For Broken Blossoms, he places the microscope on Asians and in this case a “Yellow Man” or “Chink” named Cheng. It’s not necessarily a good start, but it’s important to realize the lens and the times this film comes out of. Those terms are offensive and seemingly insensitive to us, but back in the teens, those terms were commonplace. Thus, if we put that aside for a second, it becomes important to look at actual depictions and objectives.

Cheng (Richard Barthelmess), who was indeed portrayed by a white actor, is characterized as a peaceful and kind individual looking to live in harmony with his fellow man. Bruising boxer and abusive father, Battling Burrows, is our obvious antagonist and the complete opposite of Cheng. It’s not simply a clash of race, but of temperaments, and kindness versus hate. The First Lady of Cinema Lillian Gish plays Burrow’s long-suffering daughter Lucy to perfection. I cannot remember the last time I had so much pity for a single character because with every close-up or piece of body language, Gish seems to suggest her horrible plight. She is so sweetly demure and yet so much tragedy is placed in her path.  As an audience, we cannot help but have compassion for her like Cheng. Her father constantly expects her to perform housekeeping duties and beats her whenever he pleases. In a sense, Cheng is her savior, but Burrows isn’t too happy about that.  The idea that there could be any type of love between his daughter and this “Chink” is out of the question.

brokenblossoms1I suppose in a sense this is a love story and we want both these characters to be happy. One inter-title says of Cheng: “The beauty that all Limehouse missed smote him in the heart.” It’s a beautiful line and suggests the wonderful connection that these two seem to have. Although the dream loses a little of its charm when Gish’s character calls her suitor “Chinky.” It was in this moment where I stopped feeling sorry for simply Gish, but also her character. She seems like a girl like Mayella from To Kill a Mockingbird, who is bred with racism and yet she becomes so lonely in the process. All the abuse leaves her empty and searching for something. In that case, her only outlet was wrongly-accused mockingbird, Tom Robinson. In this case, it’s Cheng, the only person who seems to see Lucy Burrows differently.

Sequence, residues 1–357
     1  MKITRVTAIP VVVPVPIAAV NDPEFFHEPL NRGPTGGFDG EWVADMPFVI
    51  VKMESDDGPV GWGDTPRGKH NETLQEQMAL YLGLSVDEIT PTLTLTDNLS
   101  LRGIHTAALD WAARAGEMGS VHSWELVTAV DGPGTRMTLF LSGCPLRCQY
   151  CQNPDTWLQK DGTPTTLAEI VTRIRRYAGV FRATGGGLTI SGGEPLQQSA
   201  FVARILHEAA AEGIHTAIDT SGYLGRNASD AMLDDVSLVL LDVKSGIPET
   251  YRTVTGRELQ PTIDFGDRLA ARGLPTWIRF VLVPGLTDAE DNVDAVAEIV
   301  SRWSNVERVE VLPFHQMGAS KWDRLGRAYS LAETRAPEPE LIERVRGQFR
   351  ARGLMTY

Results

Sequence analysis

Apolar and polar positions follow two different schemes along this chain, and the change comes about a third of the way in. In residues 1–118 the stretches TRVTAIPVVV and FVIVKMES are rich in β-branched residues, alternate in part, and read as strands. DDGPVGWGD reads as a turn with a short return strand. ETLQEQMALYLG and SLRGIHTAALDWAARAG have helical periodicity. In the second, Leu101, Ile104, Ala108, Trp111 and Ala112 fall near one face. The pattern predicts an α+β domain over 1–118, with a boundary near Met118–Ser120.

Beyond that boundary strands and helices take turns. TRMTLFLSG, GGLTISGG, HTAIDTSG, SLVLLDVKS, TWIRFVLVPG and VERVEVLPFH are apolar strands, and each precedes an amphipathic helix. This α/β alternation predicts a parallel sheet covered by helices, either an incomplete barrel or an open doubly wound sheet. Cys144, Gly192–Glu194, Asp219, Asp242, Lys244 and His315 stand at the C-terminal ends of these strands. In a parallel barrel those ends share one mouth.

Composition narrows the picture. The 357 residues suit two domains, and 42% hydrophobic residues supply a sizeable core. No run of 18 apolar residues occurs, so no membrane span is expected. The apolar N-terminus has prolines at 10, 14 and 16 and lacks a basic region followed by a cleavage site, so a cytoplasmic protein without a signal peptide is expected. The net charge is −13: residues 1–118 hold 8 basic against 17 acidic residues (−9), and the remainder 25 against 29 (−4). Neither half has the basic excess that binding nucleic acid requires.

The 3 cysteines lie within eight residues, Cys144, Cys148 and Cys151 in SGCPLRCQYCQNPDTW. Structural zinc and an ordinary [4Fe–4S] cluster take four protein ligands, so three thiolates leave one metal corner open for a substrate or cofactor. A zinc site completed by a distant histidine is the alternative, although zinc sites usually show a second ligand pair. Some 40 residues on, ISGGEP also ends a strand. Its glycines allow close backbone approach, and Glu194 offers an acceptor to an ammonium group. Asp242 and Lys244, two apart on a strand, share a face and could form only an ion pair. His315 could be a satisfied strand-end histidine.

I cannot speak for others but I can forgive Broken Blossoms for some of it’s more unfortunate moments and I’m sure Birth of a Nation would require a lot more dialogue. There are certainly numerous outdated, rudimentary views here from Southern-bred director D.W. Griffith. But I think if we look at the bigger picture, this is a film that attempts to point out evil and bring to light a little beauty even if it comes from an Asian and a defenseless young girl. I not sure what to make of it. Can we call it a clear-cut interracial love story? Maybe, but perhaps that’s not the biggest issue. This is a film that tries to move its audiences by evoking emotion and deriving pity for its protagonists. It’s a far more intimate portrait than Griffith had done before. On that level, Broken Blossom succeeds.

4/5 Stars

Intolerance (1916)